Sunshine (2007)Rated R for violent content and language.
Starring Rose Byrne, Cliff Curtis, Chris Evans, Troy Garity, Cillian Murphy, Hiroyuki Sanada, Benedict Wong, Michelle Yeoh.
LVJeff's Rating: 7/10
Photo ©Fox Searchlight Pictures. All rights reserved.
There Goes the Sun
Sunshine had the potential to be very different, but it doesn't go all the way. At the start it jostles our expectations with an original premise that doesn't follow the usual science fiction norm of transplanting the action to some galaxy far far away; rather, it takes a cue from 2001: A Space Odyssey, keeping the adventure within our solar system and making the story very much about us. And by being about the near future, it restricts itself even further, exaggerating the science only just beyond the border of fact-based believability. In this way, the movie strives for credibility while it endeavors also to create a sense of outer-world wonder, a trick not easy to pull off.
For a long time, though, Sunshine accomplishes its goal. Eight astronauts are placed in a complex spacecraft called the Icarus II to journey to the sun, which is dying prematurely. They hope to fire a bomb into the star to jumpstart a new reaction. The trip takes years, and the craft is well-prepared with a voice-responsive computer, reflective shielding, gardens for generating oxygen, and specialties assigned to each of the crew. We get to know them -- a multicultural group, as it turns out (including roles played by Cillian Murphy, Hiroyuki Sanada, Cliff Curtis, and Michelle Yeoh), possibly reflecting a collective world effort -- and everything goes according to plan, until they find a reason to consider making a detour.
The movie's atmosphere is not only convincing, it's also influenced by the style of classic sci-fi movies that have come before, such as 2001 and Solaris. Such stylistic reference gives the effect of luring us into taking the proceedings more seriously, utilizing tried-and-true techniques such as slow-pacing, lots of quiet moments, and plenty of cinematography emphasizing the awesomeness of space and space travel. One early sequence illustrates the balance of homage and crafting its own unique memorability, when two of the crew spacewalk to enact repairs outside the ship. The scene is suspenseful and awe-inspiring, supported by the visual contrast of the sun and the ship's shadowed areas.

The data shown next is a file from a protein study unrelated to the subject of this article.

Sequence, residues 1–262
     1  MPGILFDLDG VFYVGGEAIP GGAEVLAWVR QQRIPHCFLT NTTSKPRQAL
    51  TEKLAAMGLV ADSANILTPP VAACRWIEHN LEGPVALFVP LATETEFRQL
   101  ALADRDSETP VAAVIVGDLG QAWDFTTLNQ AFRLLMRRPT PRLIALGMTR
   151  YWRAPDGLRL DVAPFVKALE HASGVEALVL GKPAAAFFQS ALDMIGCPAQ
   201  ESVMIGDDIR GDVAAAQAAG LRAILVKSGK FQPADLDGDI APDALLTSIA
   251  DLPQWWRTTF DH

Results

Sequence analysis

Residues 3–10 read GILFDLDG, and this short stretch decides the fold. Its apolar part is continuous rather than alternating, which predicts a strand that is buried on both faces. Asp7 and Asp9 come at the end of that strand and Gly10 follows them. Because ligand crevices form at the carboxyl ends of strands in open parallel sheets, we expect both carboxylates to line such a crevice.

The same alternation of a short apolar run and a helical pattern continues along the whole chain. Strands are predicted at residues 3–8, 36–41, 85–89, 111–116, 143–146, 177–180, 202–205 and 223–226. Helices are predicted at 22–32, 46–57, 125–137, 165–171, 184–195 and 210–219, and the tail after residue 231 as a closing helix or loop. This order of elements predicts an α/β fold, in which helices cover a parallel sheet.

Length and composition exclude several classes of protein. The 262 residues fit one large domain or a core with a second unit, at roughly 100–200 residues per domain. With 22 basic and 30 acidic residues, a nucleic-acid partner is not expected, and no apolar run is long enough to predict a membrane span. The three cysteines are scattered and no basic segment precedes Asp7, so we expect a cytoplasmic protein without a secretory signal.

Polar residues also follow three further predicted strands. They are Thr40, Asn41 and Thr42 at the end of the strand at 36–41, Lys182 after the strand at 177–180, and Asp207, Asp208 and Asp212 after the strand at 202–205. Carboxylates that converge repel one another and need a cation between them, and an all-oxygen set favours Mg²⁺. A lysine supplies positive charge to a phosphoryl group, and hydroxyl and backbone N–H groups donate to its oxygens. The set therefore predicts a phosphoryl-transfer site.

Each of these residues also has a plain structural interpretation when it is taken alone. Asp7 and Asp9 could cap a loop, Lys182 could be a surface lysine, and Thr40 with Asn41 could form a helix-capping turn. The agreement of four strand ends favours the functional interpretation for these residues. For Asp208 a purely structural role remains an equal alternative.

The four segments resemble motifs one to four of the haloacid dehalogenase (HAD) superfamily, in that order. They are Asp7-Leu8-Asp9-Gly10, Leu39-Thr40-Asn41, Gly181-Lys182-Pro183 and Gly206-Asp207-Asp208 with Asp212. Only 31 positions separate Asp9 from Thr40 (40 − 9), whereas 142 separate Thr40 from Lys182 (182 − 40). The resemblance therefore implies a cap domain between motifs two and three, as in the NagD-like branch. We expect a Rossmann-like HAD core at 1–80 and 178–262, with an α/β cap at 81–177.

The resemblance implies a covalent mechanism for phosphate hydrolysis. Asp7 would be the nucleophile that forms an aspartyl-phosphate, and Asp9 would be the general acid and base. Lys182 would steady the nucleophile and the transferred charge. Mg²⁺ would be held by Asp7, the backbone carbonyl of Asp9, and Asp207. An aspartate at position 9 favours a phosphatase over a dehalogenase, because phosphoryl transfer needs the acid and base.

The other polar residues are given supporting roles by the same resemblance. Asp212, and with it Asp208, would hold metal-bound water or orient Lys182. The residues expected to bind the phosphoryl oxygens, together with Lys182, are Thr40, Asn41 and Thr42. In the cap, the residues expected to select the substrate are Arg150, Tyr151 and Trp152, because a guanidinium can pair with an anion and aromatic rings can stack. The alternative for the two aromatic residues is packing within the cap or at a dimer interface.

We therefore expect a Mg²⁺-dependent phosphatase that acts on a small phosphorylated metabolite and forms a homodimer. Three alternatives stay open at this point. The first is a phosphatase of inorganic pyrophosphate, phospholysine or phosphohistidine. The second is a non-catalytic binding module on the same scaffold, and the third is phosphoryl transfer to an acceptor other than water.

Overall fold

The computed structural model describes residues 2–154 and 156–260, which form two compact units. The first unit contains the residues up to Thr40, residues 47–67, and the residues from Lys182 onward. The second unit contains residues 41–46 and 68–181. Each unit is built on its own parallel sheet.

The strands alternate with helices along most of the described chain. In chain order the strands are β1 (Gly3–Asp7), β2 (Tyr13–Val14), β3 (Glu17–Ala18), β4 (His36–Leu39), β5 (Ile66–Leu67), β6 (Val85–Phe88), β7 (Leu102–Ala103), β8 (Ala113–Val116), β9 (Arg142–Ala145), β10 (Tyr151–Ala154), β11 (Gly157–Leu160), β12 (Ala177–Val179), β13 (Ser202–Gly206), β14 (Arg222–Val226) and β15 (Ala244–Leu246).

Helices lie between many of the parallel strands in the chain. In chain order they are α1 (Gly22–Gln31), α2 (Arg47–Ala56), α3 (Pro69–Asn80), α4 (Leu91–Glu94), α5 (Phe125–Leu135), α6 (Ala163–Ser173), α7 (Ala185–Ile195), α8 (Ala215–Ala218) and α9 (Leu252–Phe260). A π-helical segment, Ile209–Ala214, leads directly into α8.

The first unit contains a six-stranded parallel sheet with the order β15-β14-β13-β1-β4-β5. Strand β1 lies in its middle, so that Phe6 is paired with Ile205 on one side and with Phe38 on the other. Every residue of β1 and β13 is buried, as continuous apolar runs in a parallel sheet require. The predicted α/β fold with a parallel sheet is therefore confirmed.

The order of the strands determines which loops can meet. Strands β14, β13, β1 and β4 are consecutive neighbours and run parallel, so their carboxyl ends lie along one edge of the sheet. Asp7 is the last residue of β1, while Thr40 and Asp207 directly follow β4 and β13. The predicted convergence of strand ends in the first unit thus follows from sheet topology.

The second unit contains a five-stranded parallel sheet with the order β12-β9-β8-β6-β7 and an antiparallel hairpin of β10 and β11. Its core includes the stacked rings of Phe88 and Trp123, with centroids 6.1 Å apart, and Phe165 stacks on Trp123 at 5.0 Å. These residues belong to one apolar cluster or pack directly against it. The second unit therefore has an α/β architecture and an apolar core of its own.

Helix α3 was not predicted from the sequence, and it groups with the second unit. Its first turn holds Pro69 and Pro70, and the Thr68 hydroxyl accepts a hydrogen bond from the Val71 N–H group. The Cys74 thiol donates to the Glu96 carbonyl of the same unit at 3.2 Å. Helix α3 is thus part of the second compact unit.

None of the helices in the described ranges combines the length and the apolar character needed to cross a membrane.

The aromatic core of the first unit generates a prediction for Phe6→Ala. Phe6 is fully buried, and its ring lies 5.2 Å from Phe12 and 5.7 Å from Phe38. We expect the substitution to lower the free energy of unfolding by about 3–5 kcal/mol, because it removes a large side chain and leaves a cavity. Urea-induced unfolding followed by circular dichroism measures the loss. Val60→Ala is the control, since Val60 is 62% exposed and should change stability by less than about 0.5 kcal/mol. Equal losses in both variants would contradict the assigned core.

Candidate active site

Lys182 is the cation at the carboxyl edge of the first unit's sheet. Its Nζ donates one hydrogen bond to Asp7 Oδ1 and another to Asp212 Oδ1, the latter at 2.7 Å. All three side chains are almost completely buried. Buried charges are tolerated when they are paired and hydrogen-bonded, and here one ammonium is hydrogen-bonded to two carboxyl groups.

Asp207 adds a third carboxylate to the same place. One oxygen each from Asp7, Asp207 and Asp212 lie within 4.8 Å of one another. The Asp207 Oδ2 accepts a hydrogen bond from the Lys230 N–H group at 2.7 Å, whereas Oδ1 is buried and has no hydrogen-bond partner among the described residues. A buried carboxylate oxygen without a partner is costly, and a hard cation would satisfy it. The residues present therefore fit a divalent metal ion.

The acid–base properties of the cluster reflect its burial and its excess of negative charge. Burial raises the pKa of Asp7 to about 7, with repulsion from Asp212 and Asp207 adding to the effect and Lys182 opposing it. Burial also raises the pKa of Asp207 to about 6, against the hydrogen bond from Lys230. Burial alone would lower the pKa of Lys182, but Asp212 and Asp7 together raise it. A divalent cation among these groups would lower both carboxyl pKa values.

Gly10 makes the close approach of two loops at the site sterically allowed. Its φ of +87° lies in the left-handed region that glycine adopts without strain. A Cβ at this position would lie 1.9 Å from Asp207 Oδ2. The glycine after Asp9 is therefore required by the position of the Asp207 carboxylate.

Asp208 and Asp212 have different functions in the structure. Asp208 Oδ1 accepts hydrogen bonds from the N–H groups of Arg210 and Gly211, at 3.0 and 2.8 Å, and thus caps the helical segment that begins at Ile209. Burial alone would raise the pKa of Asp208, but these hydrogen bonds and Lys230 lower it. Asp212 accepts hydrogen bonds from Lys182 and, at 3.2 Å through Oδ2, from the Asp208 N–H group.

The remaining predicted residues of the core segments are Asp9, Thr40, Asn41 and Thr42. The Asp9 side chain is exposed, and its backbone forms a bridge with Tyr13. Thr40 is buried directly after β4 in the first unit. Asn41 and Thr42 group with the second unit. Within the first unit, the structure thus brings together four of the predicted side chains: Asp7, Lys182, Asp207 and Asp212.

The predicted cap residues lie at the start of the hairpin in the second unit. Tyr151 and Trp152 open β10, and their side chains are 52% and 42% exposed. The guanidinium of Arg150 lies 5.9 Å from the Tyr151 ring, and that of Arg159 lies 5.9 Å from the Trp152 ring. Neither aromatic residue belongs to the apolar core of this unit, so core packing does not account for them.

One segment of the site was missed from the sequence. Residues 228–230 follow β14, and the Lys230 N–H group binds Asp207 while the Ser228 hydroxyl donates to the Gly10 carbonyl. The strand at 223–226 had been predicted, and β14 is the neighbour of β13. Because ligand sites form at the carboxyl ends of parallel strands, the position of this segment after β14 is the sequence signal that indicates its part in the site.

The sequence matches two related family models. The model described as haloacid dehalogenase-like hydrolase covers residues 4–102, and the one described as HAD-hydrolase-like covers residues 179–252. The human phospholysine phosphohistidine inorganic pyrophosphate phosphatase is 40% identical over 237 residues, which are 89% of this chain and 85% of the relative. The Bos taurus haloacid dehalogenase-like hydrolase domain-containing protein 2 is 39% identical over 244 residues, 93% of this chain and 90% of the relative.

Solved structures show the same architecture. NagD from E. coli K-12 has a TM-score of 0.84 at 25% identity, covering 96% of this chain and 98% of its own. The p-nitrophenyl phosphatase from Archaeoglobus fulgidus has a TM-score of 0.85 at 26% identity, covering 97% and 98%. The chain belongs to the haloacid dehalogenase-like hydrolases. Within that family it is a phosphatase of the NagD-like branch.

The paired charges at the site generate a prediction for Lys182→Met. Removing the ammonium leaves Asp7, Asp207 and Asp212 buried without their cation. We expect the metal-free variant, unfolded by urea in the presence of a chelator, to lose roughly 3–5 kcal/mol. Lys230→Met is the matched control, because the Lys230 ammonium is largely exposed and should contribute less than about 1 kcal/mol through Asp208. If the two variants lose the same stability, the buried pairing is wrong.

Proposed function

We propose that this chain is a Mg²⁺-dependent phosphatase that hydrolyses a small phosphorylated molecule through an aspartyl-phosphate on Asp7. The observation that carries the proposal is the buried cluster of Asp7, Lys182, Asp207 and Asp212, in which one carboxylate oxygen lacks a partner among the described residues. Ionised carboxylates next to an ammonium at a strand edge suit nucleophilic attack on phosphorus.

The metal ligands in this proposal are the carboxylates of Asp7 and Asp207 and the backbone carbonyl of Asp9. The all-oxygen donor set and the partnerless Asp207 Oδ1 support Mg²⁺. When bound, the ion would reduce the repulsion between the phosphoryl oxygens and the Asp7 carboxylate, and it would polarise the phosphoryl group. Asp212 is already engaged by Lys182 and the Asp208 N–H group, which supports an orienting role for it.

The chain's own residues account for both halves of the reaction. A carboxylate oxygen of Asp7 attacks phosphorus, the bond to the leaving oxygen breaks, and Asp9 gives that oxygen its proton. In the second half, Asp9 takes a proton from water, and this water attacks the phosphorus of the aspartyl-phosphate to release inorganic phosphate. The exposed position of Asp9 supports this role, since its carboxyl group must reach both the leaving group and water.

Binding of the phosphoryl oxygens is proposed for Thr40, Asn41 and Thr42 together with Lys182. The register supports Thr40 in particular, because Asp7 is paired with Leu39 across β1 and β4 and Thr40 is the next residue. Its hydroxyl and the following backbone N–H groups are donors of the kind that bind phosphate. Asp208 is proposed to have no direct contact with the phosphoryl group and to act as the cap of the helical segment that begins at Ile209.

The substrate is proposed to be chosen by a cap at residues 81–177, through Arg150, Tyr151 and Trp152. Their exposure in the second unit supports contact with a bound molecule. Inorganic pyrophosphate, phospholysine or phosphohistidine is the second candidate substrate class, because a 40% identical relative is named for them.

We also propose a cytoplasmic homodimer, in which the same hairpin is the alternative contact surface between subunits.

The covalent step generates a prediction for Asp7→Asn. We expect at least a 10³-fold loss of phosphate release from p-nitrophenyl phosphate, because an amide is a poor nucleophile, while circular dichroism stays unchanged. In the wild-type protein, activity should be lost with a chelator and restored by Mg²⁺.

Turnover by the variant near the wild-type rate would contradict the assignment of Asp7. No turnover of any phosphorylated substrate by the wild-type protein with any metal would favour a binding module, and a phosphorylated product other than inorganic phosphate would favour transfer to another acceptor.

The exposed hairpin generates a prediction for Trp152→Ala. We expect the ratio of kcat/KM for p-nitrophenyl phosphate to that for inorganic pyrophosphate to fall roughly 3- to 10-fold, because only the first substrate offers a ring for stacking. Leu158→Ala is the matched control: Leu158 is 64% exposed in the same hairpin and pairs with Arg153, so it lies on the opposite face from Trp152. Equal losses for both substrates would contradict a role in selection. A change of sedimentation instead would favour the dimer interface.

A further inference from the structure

The awe is not delivered without purpose, as Sunshine seeks to make the crew's journey akin to a spiritual one. To face the sun is, effectively, to face the creator; as such, different members of the crew have different takes on their task; some are more contemplative than others. When the first signs of conflict arise, the human drama that unfolds is mostly natural; although some of it from certain characters feels more forced than others.
Unfortunately, that forced feeling starts to push harder in the last act, coming mostly from some late contrived events. At this point, the movie introduces an element outside the sphere of believability that it had thus far so carefully constructed. The element also lays out in more plain sight the issues of spirituality, science, and our place in the universe that were more skillfully communicated in the breathtaking sequences that had come before, when it had more deftly employed its characters.
Thus does Sunshine, sadly, go from something new, exciting and interesting, to something more conventional (and, in certain ways, even a little confusing -- by the final section, the cinematography's hold over conveying the sense of space starts to unravel). Even with a few nicely composed shots at the end, it's tough not to feel a bit let down -- to feel that director Danny Boyle and writer Alex Garland tried a bit too much instead of trusting the original imagery and characters to guide us to our own feelings of fascination, contemplation, and spiritual introspection. Luckily, the movie does at least that much for the first two acts, and so in hindsight it retains a power it rightfully earned, not faltering enough to fully squander it.
©Jeffrey Chen, Jul. 12, 2007